Much of the domestic policy in this immensely long book a British reader may wish to skip. Foreign policy is dominated by Israel and Northern Ireland. (“Because of the Irish and the Jews,” laments Clinton, “I’m going to die before my time.”) Indeed, future historians may wonder at the relatively limited attention the American president devotes to China compared to the vast quantities expended on these two tiny states. In the Middle East, Clinton’s efforts come to nothing; in Ireland he enjoys success. He explains vividly the difference in scale of the two problems: “the Middle East is an abscess, Northern Ireland is a scab”, and whereas an abscess “inevitably gets worse without painful but cleansing intervention”, a scab is best left to “heal with time and simple care”.
Hillary emerges from these pages as shrewder, funnier and more vulnerable than her public image suggests. She dislikes Henry Kissinger and describes a dream in which she crushes him with a clever remark. “I always get my revenge in dreams,” she sighs, “but never in real life.” Talking about the leader of the Democrats in the House of Representatives, she observes: “[Dick] Gephardt is an asshole.” Clinton points a warning finger to the tape recorder. “Well, he is,” she says. It is Hillary, alone of Clinton’s advisers, who urges her husband not to appoint a special prosecutor to investigate the Whitewater scandal — a decision Clinton later bitterly laments as “the biggest mistake of his presidency”.
Needless to say, Branch finds the Lewinsky scandal almost too embarrassing to contemplate — “I could barely stand to read the salacious headlines” — and although Clinton struggles to focus on other subjects during their taping sessions, it clearly dominates his mind. Eventually he reveals that for two years Chelsea has refused to let him visit her at university, “because she had to endure the searing exposure of her father’s sex life”, and does not want him to meet her friends. He keeps “slipping into regret”, records Branch: “I sensed an overriding drift into melancholy.”
Amazingly, after studying the polls, Clinton believed that Al Gore’s best chance of defeating George W Bush in the 2000 election was to pick Hillary as his vice-president: they would win, he assures Branch, “hands down, but I don’t think Al would ever do it”. Too right Al would never do it: Al could barely bring himself even to mention Clinton’s name, never mind put his wife on the ticket. Unable to decide whether he should run on the record of the past eight years or in repudiation of it, Gore proves to be a terrible campaigner. Clinton, reduced to watching him on television, sneers that he comes across as ponderous and harsh, “like Mussolini”, and, when Gore duly loses, the pair hold a bruising two-hour post mortem.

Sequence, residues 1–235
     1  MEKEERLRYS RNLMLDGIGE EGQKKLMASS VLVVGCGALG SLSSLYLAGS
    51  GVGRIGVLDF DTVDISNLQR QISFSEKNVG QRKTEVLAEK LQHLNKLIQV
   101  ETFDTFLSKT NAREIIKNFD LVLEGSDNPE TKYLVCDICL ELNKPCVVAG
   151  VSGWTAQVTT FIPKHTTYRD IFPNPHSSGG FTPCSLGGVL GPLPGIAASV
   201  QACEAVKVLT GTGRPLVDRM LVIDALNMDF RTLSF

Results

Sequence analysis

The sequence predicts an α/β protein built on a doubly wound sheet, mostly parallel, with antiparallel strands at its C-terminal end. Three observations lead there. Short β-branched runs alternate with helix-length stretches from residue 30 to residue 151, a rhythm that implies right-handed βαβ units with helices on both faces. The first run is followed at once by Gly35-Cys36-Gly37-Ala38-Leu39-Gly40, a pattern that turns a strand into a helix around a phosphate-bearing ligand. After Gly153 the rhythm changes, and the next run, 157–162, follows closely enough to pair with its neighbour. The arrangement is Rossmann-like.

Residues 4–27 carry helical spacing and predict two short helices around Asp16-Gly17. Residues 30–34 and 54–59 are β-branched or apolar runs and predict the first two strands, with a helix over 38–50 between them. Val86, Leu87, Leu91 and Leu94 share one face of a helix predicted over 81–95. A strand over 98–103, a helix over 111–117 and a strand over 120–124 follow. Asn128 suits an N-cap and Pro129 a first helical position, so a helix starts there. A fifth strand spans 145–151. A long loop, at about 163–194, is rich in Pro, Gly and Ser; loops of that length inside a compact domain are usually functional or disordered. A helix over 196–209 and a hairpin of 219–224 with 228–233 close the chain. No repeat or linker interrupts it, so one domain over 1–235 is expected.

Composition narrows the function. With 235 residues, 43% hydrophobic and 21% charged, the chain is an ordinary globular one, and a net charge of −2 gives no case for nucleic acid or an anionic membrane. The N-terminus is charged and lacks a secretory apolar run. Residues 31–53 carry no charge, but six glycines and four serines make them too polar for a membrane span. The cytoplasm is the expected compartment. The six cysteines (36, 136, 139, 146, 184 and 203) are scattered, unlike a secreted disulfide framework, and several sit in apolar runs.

I have seldom read a more compelling account of a leader in power. Clinton was three-quarters of the way to being a great president. He had the penetrating intellect to grasp the most complex problems, the wide reading to put contemporary issues in their historical context (he had a personal library of 8,000 books) and the low political cunning to win elections. What was missing was iron self-discipline — that final quarter, without which the other three are rendered void. I suspect Clinton was too smart not to recognise that he had failed to join the pantheon of great presidents, which perhaps explains why this wonderful book ends on such an elegiac note: “The president turned serious again. He said he knew I wanted to write about the tapes. He hoped I would one day? This moment hung. He had lived the politics. How we wrestled with the history was up to the rest of us.”